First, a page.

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Food Technology- Does your school provide ingredients for students?

Discussion in 'Design and technology' started by anoshaugh, Jun 8, 2011.

  1. School currently asks parents/guardians to provide ingredients for all recipes. We provide some basics i.e. oil and with some recipes like L2C fajitas we provide garlic, chilli, salsa for a small fee.
    Students are increasingly forgetting ingredients or I am receiving notes to say finance is an issue at home. As students cook in pairs if one doesn't bring ingredients this can mean two students have to do theory work. So if three don't bring their stuff this means six students with written work- can cause classroom management problems.
    Anyway, I am thinking from September of asking for KS3 for parents to pay a set fee and this covers all ingredients and containers to take food home in. Students cook for 2X 6 week blocks per year and make 6 dishes each year. I have ran the Year 7 recipes through a costing programme and it costs nearly £7 for ingredients per student and then takeaway containers would be on top of this. Does £10 a year seem reasonable? What do other schools charge? I am also wondering about FSM students, what do schools do with regard to chaging them?
    Also where do teachers get food delivered from as the quantities we would need, would need delivering.
    Sorry for the rable- any help would be greatly appreciated.
    Many Thanks
  2. We have found that generally parents will not pay £5 or more pounds in advance, however they will often provide 50p or so per practical so we work on that basis. We require that pupilsbriing their own containers for food. We generally ask for 50p for a baking practical but also often ask the pupils to bring in some of the more expensive ingredients such as chocolate chips, so if making rock buns I will provide sultanas and coconut as flavourings but the chocoholics have to bring their own. If we make something like fajitas I ask them to bring in thierown ingredients but will normally have some extra for pupils who bring in notes but this is usually the vegetarian option.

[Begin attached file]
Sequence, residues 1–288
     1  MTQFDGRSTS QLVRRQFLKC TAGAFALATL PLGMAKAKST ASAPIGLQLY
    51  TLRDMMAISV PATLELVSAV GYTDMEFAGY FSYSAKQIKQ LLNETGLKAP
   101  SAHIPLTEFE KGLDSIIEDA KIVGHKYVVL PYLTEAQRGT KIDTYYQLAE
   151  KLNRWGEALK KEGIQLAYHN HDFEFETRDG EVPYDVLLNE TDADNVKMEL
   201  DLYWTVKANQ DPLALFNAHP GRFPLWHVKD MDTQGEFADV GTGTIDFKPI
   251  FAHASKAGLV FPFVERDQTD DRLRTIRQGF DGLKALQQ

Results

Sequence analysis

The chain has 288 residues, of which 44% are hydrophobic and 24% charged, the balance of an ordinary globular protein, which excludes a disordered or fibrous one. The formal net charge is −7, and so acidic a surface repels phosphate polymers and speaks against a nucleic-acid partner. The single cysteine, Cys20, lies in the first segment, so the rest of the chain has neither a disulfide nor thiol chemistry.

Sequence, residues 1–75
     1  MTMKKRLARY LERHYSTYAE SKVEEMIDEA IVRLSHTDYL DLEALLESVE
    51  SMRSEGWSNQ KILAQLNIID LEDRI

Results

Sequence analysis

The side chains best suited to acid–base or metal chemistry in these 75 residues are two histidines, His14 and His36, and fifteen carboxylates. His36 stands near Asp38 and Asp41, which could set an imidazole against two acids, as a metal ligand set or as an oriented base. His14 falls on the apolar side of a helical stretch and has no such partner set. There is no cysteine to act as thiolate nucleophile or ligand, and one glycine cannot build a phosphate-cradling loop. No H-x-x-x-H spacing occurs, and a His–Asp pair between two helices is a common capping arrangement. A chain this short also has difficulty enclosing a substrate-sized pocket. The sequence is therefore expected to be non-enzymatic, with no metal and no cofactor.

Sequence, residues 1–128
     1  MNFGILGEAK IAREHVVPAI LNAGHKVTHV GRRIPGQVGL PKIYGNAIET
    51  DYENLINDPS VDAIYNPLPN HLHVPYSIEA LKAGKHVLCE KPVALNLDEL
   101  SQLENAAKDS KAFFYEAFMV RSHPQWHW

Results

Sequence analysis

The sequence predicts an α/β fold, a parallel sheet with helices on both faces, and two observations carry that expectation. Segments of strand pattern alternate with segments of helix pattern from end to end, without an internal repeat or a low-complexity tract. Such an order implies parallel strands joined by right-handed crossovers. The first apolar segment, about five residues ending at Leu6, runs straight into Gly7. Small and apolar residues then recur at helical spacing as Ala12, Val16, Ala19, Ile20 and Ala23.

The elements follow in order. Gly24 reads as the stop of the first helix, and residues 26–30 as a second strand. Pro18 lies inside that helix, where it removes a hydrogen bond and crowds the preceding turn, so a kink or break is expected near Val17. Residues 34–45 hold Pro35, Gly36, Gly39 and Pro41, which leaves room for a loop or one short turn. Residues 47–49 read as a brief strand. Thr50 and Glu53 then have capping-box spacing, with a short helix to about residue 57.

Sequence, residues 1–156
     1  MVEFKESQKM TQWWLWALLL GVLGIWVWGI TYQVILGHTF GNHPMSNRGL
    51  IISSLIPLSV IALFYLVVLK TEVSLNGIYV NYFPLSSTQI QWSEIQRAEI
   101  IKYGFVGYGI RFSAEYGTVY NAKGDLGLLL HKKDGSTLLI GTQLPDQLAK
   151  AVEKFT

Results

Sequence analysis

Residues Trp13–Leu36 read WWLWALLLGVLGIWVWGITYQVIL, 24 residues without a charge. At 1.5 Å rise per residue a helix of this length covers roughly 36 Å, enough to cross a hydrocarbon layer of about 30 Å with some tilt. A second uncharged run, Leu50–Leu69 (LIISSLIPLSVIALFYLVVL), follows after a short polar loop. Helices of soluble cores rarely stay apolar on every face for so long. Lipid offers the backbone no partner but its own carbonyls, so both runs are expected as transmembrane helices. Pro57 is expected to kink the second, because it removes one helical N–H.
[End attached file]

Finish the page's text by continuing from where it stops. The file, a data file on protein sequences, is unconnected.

In Gcse groups we do double lesson practicals for which pupils mostly bring in ingredients unless we are making bread etc. I try to balance out practicals needing a lot of ingredients with these cheap ones were they bring in 50p. We also do single lesson practicals where they bring in 50p again and we make products such as potato pancakes, caramel popcorn or scones.
    Interestingly we have found that if we ask for 75p the amount we get in drops off considerably, that it is better to ask lower ability groups for smaller amounts as we are more likely to get them and that the best way to get the money is to give the task to one of the pupils, they are all potential debt collectors :) As I understand it under the ECM agenda wie have to ensure that FSM pupils are provided with ingredients.
  3. In our school the parents keep requesting that I provide all the ingredients. But as I dont have a technician the logistics are just impossible. I am on my knees as it is.
  4. Thank you for all your relies, this has given me plenty to consider.
  5. I am very lucky and have a full time technician who goes shopping once a week for ingredients.
    We use to ask pupils to bring a money for each practical lesson, however the amount of pupils forgetting or the time wasted collected money was silly.
    We now send a letter out to parents at the start of the module explaning what their child is making, how much each practical is and what container they need and ask for all the money upfront.
    I also explain it works out alot cheaper as we buy things in bulk.
    We have had no real problems - the odd few pupils still bring money in each lesson but more pupils are cooking than before.
    Year 7 do 6 practicals at a cost of £3
    Year 8 do 6 practicals at a cost of £5
    Year 9 do 12 practicals at a cost of £9
    GCSE pupils tend to just bring in £5 and when that has nearly run out I inform them and they bring another £5 in.

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